A new type of smart fabric developed at the University of Washington could pave the way for jackets that store invisible passcodes and open the door to your apartment or office.
The UW computer scientists have created fabrics and fashion accessories that can store data — from security codes to identification tags — without needing any on-board electronics or sensors.
As described in a paper presented Oct. 25 at the Association for Computing Machinery’s User Interface Software and Technology Symposium (UIST 2017), they leveraged previously unexplored magnetic properties of off-the-shelf conductive thread.
The data can be read using an instrument embedded in existing smartphones to enable navigation apps.
“This is a completely electronic-free design, which means you can iron the smart fabric or put it in the washer and dryer,” said senior author Shyam Gollakota, associate professor in the Paul G. Allen School of Computer Science & Engineering.
“You can think of the fabric as a hard disk — you’re actually doing this data storage on the clothes you’re wearing.”
Most people today combine conductive thread — embroidery thread that can carry an electrical current — with other types of electronics to create outfits, stuffed animals or accessories that light up or communicate.
But the UW researchers realized that this off-the-shelf conductive thread also has magnetic properties that can be manipulated to store either digital data or visual information like letters or numbers. This data can be read by a magnetometer, an inexpensive instrument that measures the direction and strength of magnetic fields and is embedded in most smartphones.
“We are using something that already exists on a smartphone and uses almost no power, so the cost of reading this type of data is negligible,” said Gollakota. In one example, they stored the passcode to an electronic door lock on a patch of conductive fabric sewn to a shirt cuff. They unlocked the door by waving the cuff in front of an array of magnetometers.
The UW researchers also created fashion accessories like a tie, belt, necklace and wristband and decoded the data by swiping a smartphone across them.
They used conventional sewing machines to embroider fabric with off-the-shelf conductive thread, whose magnetic poles start out in a random order. By rubbing a magnet against the fabric, the researchers were able to physically align the poles in either a positive or negative direction, which can correspond to the 1s and 0s in digital data.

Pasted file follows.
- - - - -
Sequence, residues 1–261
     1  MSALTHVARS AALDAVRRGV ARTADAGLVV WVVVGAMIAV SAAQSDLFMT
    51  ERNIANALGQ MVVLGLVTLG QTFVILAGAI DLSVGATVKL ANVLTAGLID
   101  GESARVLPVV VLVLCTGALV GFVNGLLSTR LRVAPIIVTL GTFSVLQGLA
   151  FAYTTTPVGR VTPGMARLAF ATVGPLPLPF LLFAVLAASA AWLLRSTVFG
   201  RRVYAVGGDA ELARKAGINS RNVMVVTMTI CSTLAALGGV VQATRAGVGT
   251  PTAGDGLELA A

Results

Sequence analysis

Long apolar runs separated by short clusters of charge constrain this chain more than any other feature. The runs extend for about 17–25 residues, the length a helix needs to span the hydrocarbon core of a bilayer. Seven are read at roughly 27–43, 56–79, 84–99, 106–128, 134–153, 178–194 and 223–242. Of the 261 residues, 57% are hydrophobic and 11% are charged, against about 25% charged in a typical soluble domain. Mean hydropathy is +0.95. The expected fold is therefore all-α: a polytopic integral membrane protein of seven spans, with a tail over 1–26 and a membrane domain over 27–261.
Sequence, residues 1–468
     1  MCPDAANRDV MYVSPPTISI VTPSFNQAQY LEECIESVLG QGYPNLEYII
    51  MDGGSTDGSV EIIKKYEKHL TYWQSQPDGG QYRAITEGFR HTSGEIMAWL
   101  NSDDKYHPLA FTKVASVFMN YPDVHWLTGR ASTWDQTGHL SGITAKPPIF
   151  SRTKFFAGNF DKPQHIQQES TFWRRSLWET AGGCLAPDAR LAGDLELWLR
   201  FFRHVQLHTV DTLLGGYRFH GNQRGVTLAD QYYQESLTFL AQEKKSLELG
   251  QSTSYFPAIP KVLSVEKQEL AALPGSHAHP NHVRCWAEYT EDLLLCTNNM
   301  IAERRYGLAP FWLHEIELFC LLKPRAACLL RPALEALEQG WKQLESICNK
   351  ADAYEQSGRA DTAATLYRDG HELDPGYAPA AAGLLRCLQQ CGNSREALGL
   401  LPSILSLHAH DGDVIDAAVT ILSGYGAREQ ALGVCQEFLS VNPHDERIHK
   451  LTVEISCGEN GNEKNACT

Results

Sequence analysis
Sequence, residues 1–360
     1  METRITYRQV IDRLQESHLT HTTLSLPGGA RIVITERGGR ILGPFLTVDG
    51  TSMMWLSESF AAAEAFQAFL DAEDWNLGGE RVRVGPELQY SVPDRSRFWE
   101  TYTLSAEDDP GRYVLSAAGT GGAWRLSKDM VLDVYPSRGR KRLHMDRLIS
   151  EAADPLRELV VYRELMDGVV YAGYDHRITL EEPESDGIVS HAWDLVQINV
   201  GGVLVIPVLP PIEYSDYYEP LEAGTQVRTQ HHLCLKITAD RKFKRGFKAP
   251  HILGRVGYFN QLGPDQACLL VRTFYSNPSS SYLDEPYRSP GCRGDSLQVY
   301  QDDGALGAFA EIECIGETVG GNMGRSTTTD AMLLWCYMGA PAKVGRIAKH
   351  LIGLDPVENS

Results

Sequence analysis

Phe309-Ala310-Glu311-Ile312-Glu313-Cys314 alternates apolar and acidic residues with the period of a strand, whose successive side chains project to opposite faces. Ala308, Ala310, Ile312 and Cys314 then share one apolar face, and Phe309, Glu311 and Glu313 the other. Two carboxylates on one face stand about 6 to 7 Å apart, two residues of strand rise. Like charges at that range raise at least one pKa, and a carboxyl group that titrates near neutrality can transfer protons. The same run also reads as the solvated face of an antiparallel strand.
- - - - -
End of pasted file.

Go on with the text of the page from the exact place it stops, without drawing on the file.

Like hotel card keys, the strength of the magnetic signal weakens by about 30 percent over the course of a week, though the fabric can be re-magnetized and re-programmed multiple times. In other stress tests, the fabric patch retained its data even after machine washing, drying and ironing at temperatures of up to 320 degrees Fahrenheit.
This is in contrast to many smart garments today that still require on-board electronics or sensors to work. That can be problematic if you get caught in the rain or forget to detach those electronics before throwing them in the washing machine — a potential barrier to widespread adoption of other wearable technology designs.
The team also demonstrated that the magnetized fabric could be used to interact with a smartphone while it is in one’s pocket. Researchers developed a glove with conductive fabric sewn into its fingertips, which was used to gesture at the smartphone. Each gesture yields a different magnetic signal that can invoke specific actions like pausing or playing music.
“With this system, we can easily interact with smart devices without having to constantly take it out of our pockets,” said lead author Justin Chan, an Allen School doctoral student.
In the team’s tests, the phone was able to recognize six gestures — left flick, right flick, upward swipe, downward swipe, click and back click — with 90 percent accuracy. Future work is focused on developing custom textiles that generate stronger magnetic fields and are capable of storing a higher density of data.
News source: University of Washington. The content is edited for length and style purposes.
Figure legend: This Knowridge.com image is credited to Dennis Wise/University of Washington.